Going Bare
Book Cover

GOING BARE – John David Harding

Kindle edition

So, I finally gave in and bought a Kindle, with a year of travel on the horizon, and some interesting offerings that are only available for Kindle type devices.  Take Going Bare for instance, only available in electronic format, and for the whopping price of 99 cents!  How can you go wrong for a buck!?

It’s a quick read, and I think the reviews on Amazon provide a pretty good pulse on this author’s disclosure of his inner-most thoughts; about nudity, about relationships, and a lot of other stuff that most of us think, but never say aloud, let alone, commit to writing in a public forum.  Right from the start, he is quite self-deprecating as to his qualifications as an author (though apparently, he also writes other material under a pseudonym).  And indeed, while I may not be fully accustomed to the British parlance, the writing is a little awkward at times, but in the end, he delivers a compelling story.

In brief, his book is about coercing his wife and family into visiting La Jenny, one of France’s most renowned naturist resorts.  Having been there at least ten times over the past fifteen years, we know the place well, and I have to say that it was fun to experience the the whole thing through new eyes, as he describes the first naked visit to the market, the expansive pool complex and the people-watching there, and or course, the stunning La Jenny Plage… in the heart of the Cote d’Argent where the beaches are broad, with gentle shelves, and stretch as far as the eye can see.  I felt myself reliving our first visit to La Jenny right along with him.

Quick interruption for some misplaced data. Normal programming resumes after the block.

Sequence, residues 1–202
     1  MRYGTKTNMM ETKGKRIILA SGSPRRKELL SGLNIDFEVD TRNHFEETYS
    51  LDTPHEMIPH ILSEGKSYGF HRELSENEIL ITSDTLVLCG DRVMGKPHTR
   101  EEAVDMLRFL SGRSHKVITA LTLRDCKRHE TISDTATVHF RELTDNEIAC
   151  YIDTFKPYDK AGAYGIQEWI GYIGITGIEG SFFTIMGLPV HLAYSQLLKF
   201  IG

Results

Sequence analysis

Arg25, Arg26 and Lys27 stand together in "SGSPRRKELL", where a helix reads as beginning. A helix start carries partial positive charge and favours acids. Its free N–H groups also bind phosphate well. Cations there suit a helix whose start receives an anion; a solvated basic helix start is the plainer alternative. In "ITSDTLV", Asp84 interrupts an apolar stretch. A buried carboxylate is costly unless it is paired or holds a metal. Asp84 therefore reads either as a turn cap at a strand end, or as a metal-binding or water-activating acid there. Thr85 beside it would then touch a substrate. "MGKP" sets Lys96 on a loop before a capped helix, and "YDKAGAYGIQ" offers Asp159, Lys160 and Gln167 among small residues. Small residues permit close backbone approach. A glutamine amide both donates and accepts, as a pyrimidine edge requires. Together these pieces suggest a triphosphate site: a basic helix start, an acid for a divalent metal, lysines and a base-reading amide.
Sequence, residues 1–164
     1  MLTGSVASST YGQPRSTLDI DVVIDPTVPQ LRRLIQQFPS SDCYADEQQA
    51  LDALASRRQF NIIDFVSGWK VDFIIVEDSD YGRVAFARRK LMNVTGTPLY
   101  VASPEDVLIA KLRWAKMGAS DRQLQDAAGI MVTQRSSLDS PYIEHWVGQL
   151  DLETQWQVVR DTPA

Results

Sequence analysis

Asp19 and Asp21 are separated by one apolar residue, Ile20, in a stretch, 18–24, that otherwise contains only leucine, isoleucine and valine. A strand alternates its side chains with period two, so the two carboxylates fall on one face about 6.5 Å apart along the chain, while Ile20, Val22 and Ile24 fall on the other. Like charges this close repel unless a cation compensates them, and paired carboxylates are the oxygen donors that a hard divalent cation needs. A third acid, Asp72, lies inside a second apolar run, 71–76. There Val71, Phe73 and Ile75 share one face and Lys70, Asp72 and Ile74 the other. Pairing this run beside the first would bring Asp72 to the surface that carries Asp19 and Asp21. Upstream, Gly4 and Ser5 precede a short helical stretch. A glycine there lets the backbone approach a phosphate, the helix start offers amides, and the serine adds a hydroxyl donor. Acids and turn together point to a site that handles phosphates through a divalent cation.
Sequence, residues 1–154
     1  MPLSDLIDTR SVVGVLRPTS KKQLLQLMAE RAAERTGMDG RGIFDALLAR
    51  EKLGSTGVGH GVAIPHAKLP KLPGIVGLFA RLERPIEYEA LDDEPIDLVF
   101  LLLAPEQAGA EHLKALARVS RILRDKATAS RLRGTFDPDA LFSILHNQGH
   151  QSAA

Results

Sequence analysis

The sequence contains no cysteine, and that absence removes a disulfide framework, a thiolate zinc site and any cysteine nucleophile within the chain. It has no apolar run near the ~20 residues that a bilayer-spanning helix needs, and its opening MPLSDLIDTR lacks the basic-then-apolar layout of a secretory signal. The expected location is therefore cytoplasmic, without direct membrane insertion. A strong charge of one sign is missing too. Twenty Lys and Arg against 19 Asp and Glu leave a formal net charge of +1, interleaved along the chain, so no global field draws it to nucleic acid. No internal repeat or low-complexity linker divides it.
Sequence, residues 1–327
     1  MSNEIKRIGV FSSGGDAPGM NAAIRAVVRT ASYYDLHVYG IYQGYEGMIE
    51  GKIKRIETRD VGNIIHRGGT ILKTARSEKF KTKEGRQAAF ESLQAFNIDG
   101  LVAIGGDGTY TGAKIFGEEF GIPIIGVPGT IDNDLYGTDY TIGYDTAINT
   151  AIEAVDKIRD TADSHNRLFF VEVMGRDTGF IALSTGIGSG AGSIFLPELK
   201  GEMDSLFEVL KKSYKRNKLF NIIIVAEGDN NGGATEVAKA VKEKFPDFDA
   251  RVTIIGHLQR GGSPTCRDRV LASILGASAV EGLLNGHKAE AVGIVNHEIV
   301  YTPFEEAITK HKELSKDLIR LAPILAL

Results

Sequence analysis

Where the story meanders a bit (says the meandering naturist!) is when he gets into the weeds with the complexities of his relationship with his wife, (who we only know as “E” – why not a pseudonym for her too?  That all felt a bit strangely clinical), her fear of flying, and the sustained ranting about the perils and expense of travel.  Seems those pages would have been a bit more fruitful had they been dedicated to more detailed descriptions of life at La Jenny, instead.  I could immediately smell the pine trees and visualize the lifeguards, but had you never been there, it would be a stretch for anyone living outside of France to visualize the actual ambiance of the place.

But again, “applause, applause” for putting himself out there (including a somewhat daring photo at the end!) and telling the whole story, beginning to end.  I would hope many will find inspiration in the candor and simplicity of the entire saga.  And for 99 cents, simply reliving the memories of riding to the market for the morning baguette, or walking the forest path to the beach, was well worth the read.  And in the end, he made yet one more case for the altruism of the naturist cause.  It all seems pretty simple, because in the last place, it is!

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